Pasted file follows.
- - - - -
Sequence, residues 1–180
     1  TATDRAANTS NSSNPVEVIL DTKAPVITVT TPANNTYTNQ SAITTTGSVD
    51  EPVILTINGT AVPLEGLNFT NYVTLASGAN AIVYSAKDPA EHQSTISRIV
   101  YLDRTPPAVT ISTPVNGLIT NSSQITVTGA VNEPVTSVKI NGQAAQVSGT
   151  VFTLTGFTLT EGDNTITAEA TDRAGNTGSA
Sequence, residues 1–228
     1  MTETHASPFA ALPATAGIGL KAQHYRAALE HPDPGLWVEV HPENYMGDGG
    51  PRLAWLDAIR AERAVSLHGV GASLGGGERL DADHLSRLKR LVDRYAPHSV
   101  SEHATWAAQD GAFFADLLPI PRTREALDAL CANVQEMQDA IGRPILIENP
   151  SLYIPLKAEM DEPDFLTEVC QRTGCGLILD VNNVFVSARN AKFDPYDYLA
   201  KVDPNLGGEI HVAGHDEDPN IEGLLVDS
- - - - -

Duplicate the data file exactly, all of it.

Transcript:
Sequence, residues 1–180
     1  TATDRAANTS NSSNPVEVIL DTKAPVITVT TPANNTYTNQ SAITTTGSVD
    51  EPVILTINGT AVPLEGLNFT NYVTLASGAN AIVYSAKDPA EHQSTISRIV
   101  YLDRTPPAVT ISTPVNGLIT NSSQITVTGA VNEPVTSVKI NGQAAQVSGT
   151  VFTLTGFTLT EGDNTITAEA TDRAGNTGSA
Sequence, residues 1–228
     1  MTETHASPFA ALPATAGIGL KAQHYRAALE HPDPGLWVEV HPENYMGDGG
    51  PRLAWLDAIR AERAVSLHGV GASLGGGERL DADHLSRLKR LVDRYAPHSV
   101  SEHATWAAQD GAFFADLLPI PRTREALDAL CANVQEMQDA IGRPILIENP
   151  SLYIPLKAEM DEPDFLTEVC QRTGCGLILD VNNVFVSARN AKFDPYDYLA
   201  KVDPNLGGEI HVAGHDEDPN IEGLLVDS